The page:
7.  References . . . . . . . . . . . . . . . . . . . . . . . . . . 23
     7.1.  Normative References . . . . . . . . . . . . . . . . . . . 23
     7.2.  Informative References . . . . . . . . . . . . . . . . . . 23
   Authors' Addresses . . . . . . . . . . . . . . . . . . . . . . . . 24



























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1.  Introduction

   Network virtualization technologies are finding increasing support
   among network and Data Center (DC) operators.  This is due to
   demonstrable capital cost reduction and operational energy savings,
   simplification of service management, potential for increased network
   and service resiliency, and service and traffic elasticity.

   Within traditional DC networks, varied middleware boxes including FW
   (Fire Wall), NAT (Network Address Translation), LB (Load Balancers),
   WoC (Wan Optimization Controller), etc., are being used to provide
   network applications (services), traffic control and optimization.
   Each function is an essential part of the entire operator and DC
   network, and overall service chain (required traffic path for users)
   Combined these functions and capabilities can be termed as service
   nodes.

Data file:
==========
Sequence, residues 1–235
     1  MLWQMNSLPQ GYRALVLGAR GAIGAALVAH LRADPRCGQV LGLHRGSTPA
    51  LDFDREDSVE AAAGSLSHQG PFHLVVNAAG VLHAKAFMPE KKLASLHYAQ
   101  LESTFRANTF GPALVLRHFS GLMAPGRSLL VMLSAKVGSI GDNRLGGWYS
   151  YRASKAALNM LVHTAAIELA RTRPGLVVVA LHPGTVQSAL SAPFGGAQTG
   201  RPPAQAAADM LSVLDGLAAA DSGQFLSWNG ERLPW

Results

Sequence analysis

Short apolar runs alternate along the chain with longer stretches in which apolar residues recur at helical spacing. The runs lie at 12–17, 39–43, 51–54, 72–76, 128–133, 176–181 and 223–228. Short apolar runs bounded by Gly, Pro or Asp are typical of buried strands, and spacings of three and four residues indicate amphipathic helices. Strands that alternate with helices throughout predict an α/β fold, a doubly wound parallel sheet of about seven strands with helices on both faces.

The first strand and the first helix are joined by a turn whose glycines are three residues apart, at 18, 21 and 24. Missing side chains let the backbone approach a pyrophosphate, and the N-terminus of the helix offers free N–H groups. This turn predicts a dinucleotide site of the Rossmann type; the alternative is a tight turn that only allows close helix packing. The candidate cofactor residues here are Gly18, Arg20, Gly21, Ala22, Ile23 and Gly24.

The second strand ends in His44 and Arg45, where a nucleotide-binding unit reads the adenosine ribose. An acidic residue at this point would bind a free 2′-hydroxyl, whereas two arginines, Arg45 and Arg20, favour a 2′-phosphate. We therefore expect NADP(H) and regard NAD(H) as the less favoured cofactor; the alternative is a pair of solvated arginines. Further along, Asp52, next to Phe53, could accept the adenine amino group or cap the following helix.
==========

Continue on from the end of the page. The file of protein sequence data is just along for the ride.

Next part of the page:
In terms of virtualizing network functions, a significant amount of
   service nodes and function instances within the service nodes can be
   migrated into virtualized environments, in essence the middleware
   capability is implemented in software on commodity hardware using
   well defined industry standard servers.  Thus allowing the creation,
   scaling, migration, modification, and deletion of single or groups of
   functions, across few or many service nodes.

   These virtual service nodes may be location independent, i.e., they
   may exist across distributed or centralized DC hardware.  This
   architecture will pose new issues and great challenges to the
   automated provisioning across the DC network, while maintaining high
   availability, fault-tolerant, load balancing, and plethora of other
   requirements some of which are technology and policy based.

   Today, architecture and protocol mechanisms exist for the management
   and operation of server hardware supporting applications, these
   hardware resources are known as server node pools, which may be